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“His teammates could sense he was different,” Maraniss writes. “They had seen his easygoing nature, his lack of nerves, the resilience of his body and his resistance to pain, the rare combination of strength, speed, stubbornness, instinct, and agile grace, the hint of danger and spark of electricity.” Thorpe and the Carlisle football team became a sports phenomenon. They played teams from elite colleges up and down the East Coast, compiling an overwhelming record of wins. (The sweetest: beating the Army team at West Point, symbolic revenge for the havoc the U.S. military had wreaked on their people.)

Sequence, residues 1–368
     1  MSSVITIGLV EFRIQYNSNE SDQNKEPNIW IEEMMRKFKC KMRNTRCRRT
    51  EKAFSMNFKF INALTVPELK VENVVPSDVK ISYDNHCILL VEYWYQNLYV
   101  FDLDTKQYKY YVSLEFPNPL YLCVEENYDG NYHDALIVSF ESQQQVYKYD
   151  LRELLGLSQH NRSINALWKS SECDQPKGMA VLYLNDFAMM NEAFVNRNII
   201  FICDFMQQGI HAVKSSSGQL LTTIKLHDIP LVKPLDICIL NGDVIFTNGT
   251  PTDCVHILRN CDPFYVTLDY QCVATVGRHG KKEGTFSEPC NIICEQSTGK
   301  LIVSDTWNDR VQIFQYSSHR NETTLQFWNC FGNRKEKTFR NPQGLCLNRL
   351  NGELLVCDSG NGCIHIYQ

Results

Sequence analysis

"Path Lit by Lightning: The Life of Jim Thorpe" by David Maraniss
(Simon & Schuster)

For Indigenous players, the Carlisle team was the apotheosis of camaraderie and honor: Remembering the end of a winning season, Thorpe wrote, “I felt as though I wanted to fling my arms about the field, the goal posts, and hold them tight, so that with their memories and traditions they might never escape me.”

Carlisle football was a warmup for a performance that would make him one of the world’s best known athletes. The young Thorpe, master of any sport he took on, joined the 1912 Olympic team and performed at the Games in Sweden that year. Maraniss’ account of the giddy atmosphere of the Swedish Olympics, where European royalty bestowed wreaths of flowers and silver trophies on winners who caroused all night in celebration, is a time trip back to a simpler era. Thorpe won gold in both the pentathlon and the decathlon. The king of Sweden proclaimed him the greatest athlete in the world.